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Highgate mother fights to raise awareness of rare genetic condition

PUBLISHED: 10:52 26 May 2015 | UPDATED: 10:54 26 May 2015

Alison Turner with her sons Gibson, 11, Mckenzie, five and Turner, 13, at PMSF UK Day at Brookfield School. Picture: Polly Hancock

Alison Turner with her sons Gibson, 11, Mckenzie, five and Turner, 13, at PMSF UK Day at Brookfield School. Picture: Polly Hancock

Archant

Little is known about Phelan-McDermid Syndrome, the rare genetic condition which affects only 1,300 people worldwide.

But one Highgate mother of a child sufferer is looking to change that, by leading an awareness-raising mission to try and get better support for families affected by the syndrome.

Alison Turner, whose 11-year-old son Gibson has the condition, said: “Because it’s such a rare condition, parents become the experts.”

The 47-year-old, who is chairwoman of charity Phelan-McDermid Syndrome Foundation UK, added: “We find more out about it from other parents than the medical community. That’s just the way it is because it’s so rare.”

One of the ways Ms Turner and the charity is providing better support for families affected by the condition is to organise semi-regular family days, the last of which was held last week at Brookfield Primary School in Chester Road, Highgate.

More than 200 people from more than six countries gathered to share their experiences of coping with a family member who has the syndrome.

Guest of honour was Dr Katy Phelan, the geneticist who co-discovered the condition.

Only 120 people in the UK have the syndrome, and sufferers are often unable to speak, have severe learning difficulties and are on the autism spectrum.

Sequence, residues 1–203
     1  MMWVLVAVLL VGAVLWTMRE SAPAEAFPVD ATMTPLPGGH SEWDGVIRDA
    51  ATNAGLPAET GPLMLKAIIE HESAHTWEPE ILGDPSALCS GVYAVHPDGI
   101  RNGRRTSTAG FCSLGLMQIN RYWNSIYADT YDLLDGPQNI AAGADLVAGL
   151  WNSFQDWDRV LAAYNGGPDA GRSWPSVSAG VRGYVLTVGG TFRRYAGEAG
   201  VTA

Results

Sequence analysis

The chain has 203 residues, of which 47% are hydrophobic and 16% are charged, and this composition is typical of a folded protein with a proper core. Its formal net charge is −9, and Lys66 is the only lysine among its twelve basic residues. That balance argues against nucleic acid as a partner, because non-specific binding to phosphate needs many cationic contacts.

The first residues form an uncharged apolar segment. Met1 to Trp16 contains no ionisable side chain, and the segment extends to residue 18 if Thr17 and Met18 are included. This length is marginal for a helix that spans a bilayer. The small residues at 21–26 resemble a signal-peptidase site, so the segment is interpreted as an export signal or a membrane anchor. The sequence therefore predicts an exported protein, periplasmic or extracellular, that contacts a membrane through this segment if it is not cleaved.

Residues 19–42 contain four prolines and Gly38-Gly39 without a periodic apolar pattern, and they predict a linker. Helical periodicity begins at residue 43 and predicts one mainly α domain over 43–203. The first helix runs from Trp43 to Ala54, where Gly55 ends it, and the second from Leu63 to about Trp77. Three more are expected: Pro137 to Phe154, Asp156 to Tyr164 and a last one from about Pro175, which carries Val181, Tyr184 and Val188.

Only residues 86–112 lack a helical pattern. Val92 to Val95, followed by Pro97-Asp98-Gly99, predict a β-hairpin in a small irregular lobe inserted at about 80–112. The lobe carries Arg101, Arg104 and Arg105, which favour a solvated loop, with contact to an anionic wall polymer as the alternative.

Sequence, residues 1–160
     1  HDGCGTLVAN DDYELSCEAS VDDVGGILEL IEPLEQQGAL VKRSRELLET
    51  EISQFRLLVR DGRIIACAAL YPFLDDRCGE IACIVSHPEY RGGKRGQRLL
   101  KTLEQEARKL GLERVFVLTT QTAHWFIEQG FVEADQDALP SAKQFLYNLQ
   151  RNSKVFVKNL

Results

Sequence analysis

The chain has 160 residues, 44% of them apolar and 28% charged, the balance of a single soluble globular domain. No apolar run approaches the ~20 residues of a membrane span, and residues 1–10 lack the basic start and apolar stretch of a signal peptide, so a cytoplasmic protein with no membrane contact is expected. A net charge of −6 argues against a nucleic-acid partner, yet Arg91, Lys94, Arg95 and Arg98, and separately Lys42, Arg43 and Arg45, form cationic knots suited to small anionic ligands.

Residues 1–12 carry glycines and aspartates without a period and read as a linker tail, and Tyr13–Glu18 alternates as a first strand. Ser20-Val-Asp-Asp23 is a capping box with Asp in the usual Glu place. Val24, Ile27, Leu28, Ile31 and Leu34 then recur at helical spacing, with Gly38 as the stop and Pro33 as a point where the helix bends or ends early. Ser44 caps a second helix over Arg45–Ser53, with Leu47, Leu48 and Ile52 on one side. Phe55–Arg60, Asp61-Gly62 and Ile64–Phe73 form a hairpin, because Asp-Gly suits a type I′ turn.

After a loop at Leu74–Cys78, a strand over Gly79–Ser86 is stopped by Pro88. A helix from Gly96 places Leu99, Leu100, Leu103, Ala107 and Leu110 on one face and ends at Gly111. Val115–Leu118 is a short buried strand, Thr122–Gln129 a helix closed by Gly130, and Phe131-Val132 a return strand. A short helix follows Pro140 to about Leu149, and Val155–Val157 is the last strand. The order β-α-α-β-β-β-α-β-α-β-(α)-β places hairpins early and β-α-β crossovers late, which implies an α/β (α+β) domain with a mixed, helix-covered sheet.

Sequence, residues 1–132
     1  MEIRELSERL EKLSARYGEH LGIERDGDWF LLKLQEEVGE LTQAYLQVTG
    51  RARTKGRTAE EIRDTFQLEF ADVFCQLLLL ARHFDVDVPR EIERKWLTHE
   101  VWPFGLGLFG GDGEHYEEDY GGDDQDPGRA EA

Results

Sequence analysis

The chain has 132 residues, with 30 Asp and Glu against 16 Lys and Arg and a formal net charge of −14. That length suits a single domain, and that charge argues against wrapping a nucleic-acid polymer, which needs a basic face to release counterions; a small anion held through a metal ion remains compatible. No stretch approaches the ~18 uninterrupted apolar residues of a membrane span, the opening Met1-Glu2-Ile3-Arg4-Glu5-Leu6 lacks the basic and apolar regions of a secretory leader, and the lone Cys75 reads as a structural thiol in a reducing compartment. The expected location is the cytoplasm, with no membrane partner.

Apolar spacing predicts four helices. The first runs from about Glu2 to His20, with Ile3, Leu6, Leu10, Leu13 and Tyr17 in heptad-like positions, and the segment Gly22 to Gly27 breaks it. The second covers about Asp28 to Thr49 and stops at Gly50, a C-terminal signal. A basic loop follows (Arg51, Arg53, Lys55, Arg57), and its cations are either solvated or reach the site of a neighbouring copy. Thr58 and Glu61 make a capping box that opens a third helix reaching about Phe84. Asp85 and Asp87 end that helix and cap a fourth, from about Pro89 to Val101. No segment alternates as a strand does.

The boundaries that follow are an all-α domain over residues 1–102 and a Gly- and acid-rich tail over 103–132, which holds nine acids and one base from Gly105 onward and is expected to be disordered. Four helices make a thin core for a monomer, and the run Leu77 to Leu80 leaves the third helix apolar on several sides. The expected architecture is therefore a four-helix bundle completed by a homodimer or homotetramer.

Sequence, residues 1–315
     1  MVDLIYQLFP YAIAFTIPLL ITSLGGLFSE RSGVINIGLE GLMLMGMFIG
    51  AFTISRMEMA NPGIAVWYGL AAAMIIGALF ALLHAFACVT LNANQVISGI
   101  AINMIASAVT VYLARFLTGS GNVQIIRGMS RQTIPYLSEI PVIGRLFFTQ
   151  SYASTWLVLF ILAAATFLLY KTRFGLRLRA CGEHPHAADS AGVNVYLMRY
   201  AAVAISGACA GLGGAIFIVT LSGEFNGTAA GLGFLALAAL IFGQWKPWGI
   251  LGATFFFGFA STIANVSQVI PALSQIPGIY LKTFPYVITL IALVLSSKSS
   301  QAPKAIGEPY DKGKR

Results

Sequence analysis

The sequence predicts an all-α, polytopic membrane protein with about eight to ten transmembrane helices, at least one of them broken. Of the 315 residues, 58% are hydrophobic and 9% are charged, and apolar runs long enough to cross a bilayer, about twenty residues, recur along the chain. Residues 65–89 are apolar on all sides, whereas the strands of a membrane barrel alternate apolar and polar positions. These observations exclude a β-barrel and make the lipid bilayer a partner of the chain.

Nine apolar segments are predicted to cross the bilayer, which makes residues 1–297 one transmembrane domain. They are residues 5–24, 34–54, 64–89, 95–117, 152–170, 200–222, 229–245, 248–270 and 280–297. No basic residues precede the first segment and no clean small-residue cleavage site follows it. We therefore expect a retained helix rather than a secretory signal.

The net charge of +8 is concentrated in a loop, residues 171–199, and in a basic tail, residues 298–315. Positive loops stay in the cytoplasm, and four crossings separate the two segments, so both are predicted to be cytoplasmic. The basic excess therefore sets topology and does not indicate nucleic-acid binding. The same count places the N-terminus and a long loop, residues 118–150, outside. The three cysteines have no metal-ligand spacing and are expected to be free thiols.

So rare is the syndrome that even most doctors have never heard of it.

Ms Turner’s son Gibson, who needs 24-hour care and doesn’t speak, was diagnosed just before the age of two.

“I didn’t have any support,” said the married mother-of-three, of Highgate West Hill. “It took about 18 months to come to terms with it. Doctors were giving me information but I didn’t understand it. I woke up feeling physically sick everyday but we changed our approach and now we have a happy, relatively healthy, boy and a hugely supportive community.”

As head of the charity working to support families affected by the condition, Ms Turner is issuing 7,000 easy-to-read pamphlets about the condition to hospitals and GP surgeries to inform more people about it. The charity also has a database of its sufferers to aid geneticists with further research into the condition.

Ms Turner’s long-term aim is to ensure her son and others like him can lead fully integrated lives.

She said: “When Gibson is an adult, it will probably be quite scary because he will be flailing his arms around people, but it is so important for them to be part of the community. Accepting them socially, that’s the biggest thing, and understanding that families will need extra help.”

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